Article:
India is pulling out all stops to complete a hydropower project on a tributary of Jhelum river ahead of schedule to establish a so-called first-use rights on the river water over Pakistan.
The Jhelum orginates in India and flows into Pakistan. According to the Indus Water Treaty of 1960, whoever builds a hydropower project first will have the first right to the river water.
State-run utility NHPC Ltd is trying to complete the 330MW Kishanganga project by 2015, ahead of the January 2016 target, chairman and managing director S.K. Garg said.
The developer has already awarded the engineering, procurement and construction contract to a joint venture of Hindustan Construction Co. Ltd and the UK’s Halcrow Group Ltd.
“We have already spent Rs300 crore on the project and work is going on in full swing. We are getting the tunnel boring machine (TBM) from Italy and expect the project to face no slippage,” said Garg.
Pakistan is also trying for an early completion of the 969MW Neelam downstream project in its territory.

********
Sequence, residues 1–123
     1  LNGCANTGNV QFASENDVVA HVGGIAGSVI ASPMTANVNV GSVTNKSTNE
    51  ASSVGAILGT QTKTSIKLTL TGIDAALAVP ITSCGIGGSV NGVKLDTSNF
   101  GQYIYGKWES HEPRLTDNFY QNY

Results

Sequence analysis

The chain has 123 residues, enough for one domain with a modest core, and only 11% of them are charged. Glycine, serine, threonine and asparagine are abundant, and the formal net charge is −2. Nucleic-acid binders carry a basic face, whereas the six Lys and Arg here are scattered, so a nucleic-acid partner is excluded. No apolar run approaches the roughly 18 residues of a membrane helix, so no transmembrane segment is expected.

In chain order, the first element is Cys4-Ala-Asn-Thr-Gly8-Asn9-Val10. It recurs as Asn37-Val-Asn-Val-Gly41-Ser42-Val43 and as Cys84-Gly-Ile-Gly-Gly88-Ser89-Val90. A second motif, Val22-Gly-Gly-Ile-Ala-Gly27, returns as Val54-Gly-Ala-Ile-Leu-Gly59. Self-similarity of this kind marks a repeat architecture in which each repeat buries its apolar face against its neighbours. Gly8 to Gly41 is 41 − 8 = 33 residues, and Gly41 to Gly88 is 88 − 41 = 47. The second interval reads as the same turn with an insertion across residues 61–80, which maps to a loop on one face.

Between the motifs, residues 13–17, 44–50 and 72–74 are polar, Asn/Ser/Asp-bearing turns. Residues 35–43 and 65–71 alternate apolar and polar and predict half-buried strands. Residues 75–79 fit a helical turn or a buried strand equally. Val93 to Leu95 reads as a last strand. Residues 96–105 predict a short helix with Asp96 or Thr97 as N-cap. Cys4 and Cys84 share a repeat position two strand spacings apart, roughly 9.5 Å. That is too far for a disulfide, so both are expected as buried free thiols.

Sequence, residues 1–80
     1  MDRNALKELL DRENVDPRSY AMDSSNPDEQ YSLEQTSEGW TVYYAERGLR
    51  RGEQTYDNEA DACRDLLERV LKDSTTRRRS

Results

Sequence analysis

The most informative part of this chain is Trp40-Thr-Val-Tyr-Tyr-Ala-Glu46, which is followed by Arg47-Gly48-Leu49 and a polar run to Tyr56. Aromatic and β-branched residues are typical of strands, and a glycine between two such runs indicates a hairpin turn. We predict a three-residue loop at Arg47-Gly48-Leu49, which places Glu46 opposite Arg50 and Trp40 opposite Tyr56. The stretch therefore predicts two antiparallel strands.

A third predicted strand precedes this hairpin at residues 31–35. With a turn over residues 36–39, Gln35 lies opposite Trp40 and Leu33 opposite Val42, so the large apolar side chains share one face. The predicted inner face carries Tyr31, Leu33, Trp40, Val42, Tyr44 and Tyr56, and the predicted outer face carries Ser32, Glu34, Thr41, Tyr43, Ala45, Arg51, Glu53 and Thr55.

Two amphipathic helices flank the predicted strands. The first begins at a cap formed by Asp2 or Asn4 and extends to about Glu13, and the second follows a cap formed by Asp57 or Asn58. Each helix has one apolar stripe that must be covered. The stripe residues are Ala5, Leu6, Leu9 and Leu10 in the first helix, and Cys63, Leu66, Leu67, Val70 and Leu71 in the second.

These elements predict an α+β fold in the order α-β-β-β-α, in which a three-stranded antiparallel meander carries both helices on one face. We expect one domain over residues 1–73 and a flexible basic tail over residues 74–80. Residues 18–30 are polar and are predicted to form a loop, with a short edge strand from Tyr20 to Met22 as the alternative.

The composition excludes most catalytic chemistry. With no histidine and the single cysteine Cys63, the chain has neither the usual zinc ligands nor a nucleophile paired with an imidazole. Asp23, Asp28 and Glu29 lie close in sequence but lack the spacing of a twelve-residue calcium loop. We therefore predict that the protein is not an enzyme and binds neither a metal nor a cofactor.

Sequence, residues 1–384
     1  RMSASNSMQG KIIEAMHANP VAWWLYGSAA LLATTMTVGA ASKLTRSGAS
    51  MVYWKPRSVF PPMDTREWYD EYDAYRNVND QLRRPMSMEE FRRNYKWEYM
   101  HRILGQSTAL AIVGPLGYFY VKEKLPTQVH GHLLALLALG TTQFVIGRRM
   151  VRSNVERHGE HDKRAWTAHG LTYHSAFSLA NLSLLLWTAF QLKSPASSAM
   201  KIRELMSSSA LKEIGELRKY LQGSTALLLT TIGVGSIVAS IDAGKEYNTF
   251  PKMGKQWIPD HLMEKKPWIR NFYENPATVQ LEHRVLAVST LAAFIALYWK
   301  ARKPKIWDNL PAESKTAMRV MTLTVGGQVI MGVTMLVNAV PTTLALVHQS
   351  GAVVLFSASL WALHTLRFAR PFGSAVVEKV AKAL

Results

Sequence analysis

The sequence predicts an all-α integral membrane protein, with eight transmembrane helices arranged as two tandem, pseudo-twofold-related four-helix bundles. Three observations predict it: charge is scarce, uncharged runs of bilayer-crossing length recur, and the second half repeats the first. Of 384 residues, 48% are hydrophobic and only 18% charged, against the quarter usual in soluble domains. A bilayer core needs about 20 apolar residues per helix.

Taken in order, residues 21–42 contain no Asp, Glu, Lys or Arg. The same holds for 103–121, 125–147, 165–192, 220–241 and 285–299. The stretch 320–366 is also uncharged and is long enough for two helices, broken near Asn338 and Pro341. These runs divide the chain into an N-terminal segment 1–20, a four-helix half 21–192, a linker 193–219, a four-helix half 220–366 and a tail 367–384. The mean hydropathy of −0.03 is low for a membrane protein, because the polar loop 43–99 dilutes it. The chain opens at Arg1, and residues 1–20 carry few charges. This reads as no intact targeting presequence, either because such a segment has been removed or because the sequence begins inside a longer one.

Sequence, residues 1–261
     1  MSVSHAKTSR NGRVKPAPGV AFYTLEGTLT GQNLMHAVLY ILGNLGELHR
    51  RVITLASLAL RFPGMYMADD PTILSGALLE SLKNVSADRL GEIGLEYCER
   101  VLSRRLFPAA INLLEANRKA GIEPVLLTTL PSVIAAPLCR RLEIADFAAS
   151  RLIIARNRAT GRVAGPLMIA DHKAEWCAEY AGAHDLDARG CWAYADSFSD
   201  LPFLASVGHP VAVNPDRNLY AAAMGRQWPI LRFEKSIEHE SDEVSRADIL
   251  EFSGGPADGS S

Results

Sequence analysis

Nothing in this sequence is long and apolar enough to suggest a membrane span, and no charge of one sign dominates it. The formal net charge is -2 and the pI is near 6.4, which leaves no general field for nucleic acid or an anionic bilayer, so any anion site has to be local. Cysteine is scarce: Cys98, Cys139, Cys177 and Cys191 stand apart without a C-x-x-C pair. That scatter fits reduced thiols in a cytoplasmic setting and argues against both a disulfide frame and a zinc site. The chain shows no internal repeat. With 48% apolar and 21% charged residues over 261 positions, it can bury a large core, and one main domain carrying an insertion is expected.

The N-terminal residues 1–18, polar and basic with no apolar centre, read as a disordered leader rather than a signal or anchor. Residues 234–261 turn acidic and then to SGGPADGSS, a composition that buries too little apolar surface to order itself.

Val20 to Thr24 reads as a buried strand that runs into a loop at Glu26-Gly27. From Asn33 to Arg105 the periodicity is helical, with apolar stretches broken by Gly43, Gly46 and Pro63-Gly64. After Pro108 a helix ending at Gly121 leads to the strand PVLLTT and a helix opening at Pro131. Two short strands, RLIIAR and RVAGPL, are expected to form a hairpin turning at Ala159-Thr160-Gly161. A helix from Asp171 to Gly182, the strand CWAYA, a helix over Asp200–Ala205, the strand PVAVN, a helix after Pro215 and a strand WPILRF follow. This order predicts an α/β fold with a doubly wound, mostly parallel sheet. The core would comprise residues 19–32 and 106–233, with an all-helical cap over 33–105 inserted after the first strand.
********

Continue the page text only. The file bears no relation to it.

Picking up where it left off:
A government official, speaking on condition of anonymity, said Pakistan has objected to the Kishanganga project. “If we commission it fast, it will help strengthen our stand. The discussions for other projects are on.”
The Kishanganga project, which has been planned for 20 years, is estimated to cost Rs3,700 crore—or 68% more than initially expected. The increase is on account of the difficult geology and the higher risk associated with the project due to its proximity to the border with Pakistan.
“This is unlike any other project. We are doing everything to get the project completed on time. Investment is not the issue, timely completion is,” said another NHPC executive who asked to remain unnamed. “This project has a lot of strategic importance attached to it. The work progress is being monitored at the highest level in the government.”
India has a hydropower generation capacity of 36,085MW and plans to add 15,627MW by 2012.
On Monday, NHPC also reported results for the three months to 31 March. Profits rose by 1,344.44% to Rs390 crore compared with a year ago, thanks mainly to a change in tariff norms.
NHPC recorded a turnover of Rs750 crore in the quarter, compared with Rs460 crore in the year-ago period.
Tariff norms revised by the Central Electricity Regulatory Commission, the country’s apex power sector regulator, allow electricity generation to earn a return of up to 16% on equity capital.
NHPC also posted a 94.43% jump in net profit for 2009-10 to Rs2,090.50 crore on a turnover of Rs4,218.90 crore.